Friday, 29 January 2010

Between the Monster and the Saint

I've just finished reading Richard Holloway's Between the Monster and the Saint. Holloway is pretty much the only religious person mentioned positively by Richard Dawkins in "The God Delusion", mainly because of his self-description as a "recovering Christian". However, while Dawkins has little feeling for religion, and refutes his own caricature of it, Holloway has lived a life immersed in it. As a lifelong Anglican priest, former Bishop of Edinburgh and author of over 20 books on religious subjects he has spent decades wrestling with the Christian faith, so while he no longer seems to believe it in an orthodox way he understands it intimately, is sympathetic to it and has been deeply influenced by it.

In this book Holloway is searching for an answer to those perennial questions - why are humans so cruel? Why do they suffer, and make each other and other creatures suffer? Is there an ultimate purpose to life? "The human herd," he says, "when collectively aroused, is the most ferocious beast on the planet.... Sadly there always seem to be charismatic monsters around who are brilliant at rousing the herd and hypnotising it into obedient servitude to their terrifying visions. Fortunately, there always seem to be a few rare individuals who are impervious to all the pressures....these alone are capable of consistently speaking the truth and naming the lie. The rest of us crowd ourselves uncertainly between the monsters and the martyrs..."

He suggests that there are four basic postions from which people answer this question, each of which shades into the one next to it. The first he calls "strong religion", in which people believe they have a revelation from God which definitively answers these questions once and for all - essentially fundamentalism. This view breeds an arrogance which Holloway clearly distrusts, and often turns religion into a monstrous instrument of power. The second is "weak religion", in which people believe in a religious creed or world view, but acknowledge that humans have a limited capacity to understand divine revelations so there are always new things to be learned, mistakes to be corrected, adjustments to be made, and a need to live humbly before others knowing they may be wrong. I think I'm in this camp.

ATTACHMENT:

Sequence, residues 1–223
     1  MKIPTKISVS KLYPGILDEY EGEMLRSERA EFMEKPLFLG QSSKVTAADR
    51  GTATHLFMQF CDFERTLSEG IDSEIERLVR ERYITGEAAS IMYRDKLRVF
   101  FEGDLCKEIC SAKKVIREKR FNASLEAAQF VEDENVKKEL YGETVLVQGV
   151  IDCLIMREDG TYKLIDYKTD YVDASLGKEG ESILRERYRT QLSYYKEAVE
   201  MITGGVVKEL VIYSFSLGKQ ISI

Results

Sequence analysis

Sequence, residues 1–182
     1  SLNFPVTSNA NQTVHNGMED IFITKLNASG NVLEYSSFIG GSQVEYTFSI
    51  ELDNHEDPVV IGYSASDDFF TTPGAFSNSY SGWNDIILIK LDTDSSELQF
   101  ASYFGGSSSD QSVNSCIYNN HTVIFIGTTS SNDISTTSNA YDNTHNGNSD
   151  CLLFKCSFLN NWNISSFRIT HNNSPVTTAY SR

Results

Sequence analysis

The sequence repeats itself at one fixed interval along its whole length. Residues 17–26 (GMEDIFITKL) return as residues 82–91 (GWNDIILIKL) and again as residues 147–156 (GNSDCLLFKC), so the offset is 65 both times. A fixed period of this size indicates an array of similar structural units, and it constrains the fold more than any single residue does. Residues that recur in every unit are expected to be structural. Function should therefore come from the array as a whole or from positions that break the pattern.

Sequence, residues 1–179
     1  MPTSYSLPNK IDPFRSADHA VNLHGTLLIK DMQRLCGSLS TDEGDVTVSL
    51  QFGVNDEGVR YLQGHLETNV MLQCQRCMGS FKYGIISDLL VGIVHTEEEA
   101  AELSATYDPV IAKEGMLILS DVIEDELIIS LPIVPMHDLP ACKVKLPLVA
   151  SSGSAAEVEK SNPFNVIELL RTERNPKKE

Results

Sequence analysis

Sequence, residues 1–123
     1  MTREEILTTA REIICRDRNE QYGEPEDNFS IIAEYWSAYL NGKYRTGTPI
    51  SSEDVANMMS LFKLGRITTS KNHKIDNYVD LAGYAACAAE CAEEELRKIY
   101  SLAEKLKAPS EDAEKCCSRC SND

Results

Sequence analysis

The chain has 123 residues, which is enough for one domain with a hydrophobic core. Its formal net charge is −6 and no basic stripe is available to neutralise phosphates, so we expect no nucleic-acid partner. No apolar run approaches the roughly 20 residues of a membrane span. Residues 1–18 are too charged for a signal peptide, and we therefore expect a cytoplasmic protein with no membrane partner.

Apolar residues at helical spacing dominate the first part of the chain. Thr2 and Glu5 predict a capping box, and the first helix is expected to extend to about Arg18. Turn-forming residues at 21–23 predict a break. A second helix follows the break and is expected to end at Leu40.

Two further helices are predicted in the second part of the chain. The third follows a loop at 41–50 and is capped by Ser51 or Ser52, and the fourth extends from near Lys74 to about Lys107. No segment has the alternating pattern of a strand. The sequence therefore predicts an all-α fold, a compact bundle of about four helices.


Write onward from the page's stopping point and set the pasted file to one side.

The third position is one he calls "after-religion". People who take this position view religion as an entirely human construction, but nevertheless useful as a set of metaphors or aids to understanding the human condition and working out how to live. The fourth and final position is that of atheism, where religion is held to be irrelevant and life is lived in the understanding that it is a purely material, biological process. This view includes those who are relaxed about other people being religious as long as they don't have to follow suit, as well as those who are actively hostile to religion.

Holloway is reluctant to commit himself to clearly to any point of view, but it seems fairly clear that he is an after-religionist. "I have found it helpful to think of (religion) as a product of the human imagination," he says. "If religion is a human invention, an examination of it will give us valuable information about ourselves and our strange story. This understanding of religion need not reduce its value to the user....We will be less interested in the alleged divine authority of its origins, than in the gifts of interpretation it offers us for understanding our own lives."

He then goes on to share his view of the help this gives in understading our suffering and our capacity for harm. I wish I had room to quote more, because he really does write with passion and beauty. I can hardly do justice to that here, but I will quote a bit of his final paragraph.

"It shows ingratitude and a lack of imagination to spend the life we've been given stamping, literally or metaphorically, on the lives of others, or sneering contemptuously at how they have chosen to make sense of theirs. It is a harsh world, indescribably cruel. It is a gentle world, unbelievably beautiful. It is a world that can make us bitter, hateful, rabid, destroyers of joy. It is a world that can draw forth tenderness from us, as we lean towards one another....It is a world of monsters and saints, a mutilated world, but it is the only one we have been given. We should let it shock us not into hatred or anxiety, but into unconditional love."

Holloway may have abandoned his formal profession of Christianity, but he has avoided throwing out the baby with the bathwater, and has retained a sense of Chrstian love and charity which puts so many Christians to shame.
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